Comparison of CatWalk Analysis and von Frey Testing for Pain Assessment in a Rat Model of Nerve Crush Plus Inflammation

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Study Design.

Assessment of pain-related behavior and immunohistology of the dorsal root ganglion in a rat model.


To investigate pain-related behavior in a rat model of nerve crush plus inflammation using the CatWalk system.

Summary of Background Data.

A definitive method for evaluating animal models of lumbar disease has not been established. Von Frey testing has often been used in this type of study, but the reliability remains in question. The CatWalk system is a computer-assisted apparatus for analyzing gait that provides an automated way to assess gait function during pain. However, there have been few reports using this system for models of lumbar disease.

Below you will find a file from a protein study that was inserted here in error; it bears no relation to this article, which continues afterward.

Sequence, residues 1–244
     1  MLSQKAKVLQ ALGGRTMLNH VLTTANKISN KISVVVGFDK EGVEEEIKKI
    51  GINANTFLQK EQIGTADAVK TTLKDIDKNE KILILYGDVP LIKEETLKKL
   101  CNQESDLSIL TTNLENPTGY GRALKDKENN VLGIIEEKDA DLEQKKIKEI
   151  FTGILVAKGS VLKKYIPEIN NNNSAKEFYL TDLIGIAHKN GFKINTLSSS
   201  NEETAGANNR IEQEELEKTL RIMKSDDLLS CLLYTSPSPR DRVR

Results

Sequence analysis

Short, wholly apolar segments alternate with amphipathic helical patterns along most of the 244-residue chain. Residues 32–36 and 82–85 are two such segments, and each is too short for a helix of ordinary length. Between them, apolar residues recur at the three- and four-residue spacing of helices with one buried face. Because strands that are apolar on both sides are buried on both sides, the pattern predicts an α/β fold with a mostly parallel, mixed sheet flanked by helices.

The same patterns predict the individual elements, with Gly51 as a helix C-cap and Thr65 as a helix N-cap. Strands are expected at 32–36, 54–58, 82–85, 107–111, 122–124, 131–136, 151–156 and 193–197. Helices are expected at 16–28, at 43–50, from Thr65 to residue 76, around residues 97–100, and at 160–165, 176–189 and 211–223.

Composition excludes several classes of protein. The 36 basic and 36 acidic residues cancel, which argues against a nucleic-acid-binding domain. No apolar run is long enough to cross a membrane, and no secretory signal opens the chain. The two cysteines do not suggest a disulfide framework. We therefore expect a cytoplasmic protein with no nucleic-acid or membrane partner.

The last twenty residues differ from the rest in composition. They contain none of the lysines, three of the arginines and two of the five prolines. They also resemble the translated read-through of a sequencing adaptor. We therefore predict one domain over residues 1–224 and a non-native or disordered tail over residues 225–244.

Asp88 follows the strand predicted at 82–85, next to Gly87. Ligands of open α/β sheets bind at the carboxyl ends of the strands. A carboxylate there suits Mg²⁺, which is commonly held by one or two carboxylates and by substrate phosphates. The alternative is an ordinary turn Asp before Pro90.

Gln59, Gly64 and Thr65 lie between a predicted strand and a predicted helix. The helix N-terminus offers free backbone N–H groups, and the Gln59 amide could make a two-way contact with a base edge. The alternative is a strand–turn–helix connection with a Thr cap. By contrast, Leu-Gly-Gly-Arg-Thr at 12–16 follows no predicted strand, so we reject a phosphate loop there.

Fourteen rats were divided into 2 groups: a treatment group and a sham group. For the treatment group, nucleus pulposus was applied to the sciatic nerve and the sciatic nerve was pinched. Two different methods for assessment of pain-related behavior, von Frey testing and CatWalk analysis, were used before surgery and at 4 and 7 days after surgery. Immunohistochemistry was used to examine calcitonin gene-related peptide expression in L4 to L6 dorsal root ganglia.


No significant differences were found between the treatment and sham control groups using von Frey testing. However, significant differences in 4 parameters were found between the 2 groups using the CatWalk system (P < 0.05). The proportion of calcitonin gene–related peptide-immunoreactive neurons was higher in the treatment group than in the control group (P < 0.05).


Our results demonstrate that the CatWalk system is useful for the measurement of pain-related behavioral change in our rat model in which nociception was indicated at a cellular level. Although further studies are needed, we think that this system is a valid alternative method for the evaluation of models of lumbar disease in rodents.

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